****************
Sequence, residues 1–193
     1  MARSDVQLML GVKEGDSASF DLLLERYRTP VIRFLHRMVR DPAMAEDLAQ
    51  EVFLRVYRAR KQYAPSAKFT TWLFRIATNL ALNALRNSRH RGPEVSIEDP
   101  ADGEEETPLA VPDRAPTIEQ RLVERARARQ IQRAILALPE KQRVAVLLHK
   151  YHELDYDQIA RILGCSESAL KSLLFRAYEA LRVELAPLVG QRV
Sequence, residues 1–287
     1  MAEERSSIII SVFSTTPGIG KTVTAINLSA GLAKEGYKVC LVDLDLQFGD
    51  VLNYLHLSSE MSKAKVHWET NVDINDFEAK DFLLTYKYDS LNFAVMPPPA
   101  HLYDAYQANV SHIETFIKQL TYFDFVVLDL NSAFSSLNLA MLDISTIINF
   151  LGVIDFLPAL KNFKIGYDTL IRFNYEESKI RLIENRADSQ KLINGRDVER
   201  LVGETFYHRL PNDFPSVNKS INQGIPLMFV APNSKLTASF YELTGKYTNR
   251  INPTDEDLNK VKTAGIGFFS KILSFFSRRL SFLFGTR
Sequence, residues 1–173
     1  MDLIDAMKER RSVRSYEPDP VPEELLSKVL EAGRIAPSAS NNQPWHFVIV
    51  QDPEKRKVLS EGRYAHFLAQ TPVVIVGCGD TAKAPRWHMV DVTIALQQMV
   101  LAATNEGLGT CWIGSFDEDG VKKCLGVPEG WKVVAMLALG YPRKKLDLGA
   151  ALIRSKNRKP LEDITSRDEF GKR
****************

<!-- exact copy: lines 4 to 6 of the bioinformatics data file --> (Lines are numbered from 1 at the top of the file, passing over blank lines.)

   101  ADGEEETPLA VPDRAPTIEQ RLVERARARQ IQRAILALPE KQRVAVLLHK
   151  YHELDYDQIA RILGCSESAL KSLLFRAYEA LRVELAPLVG QRV
Sequence, residues 1–287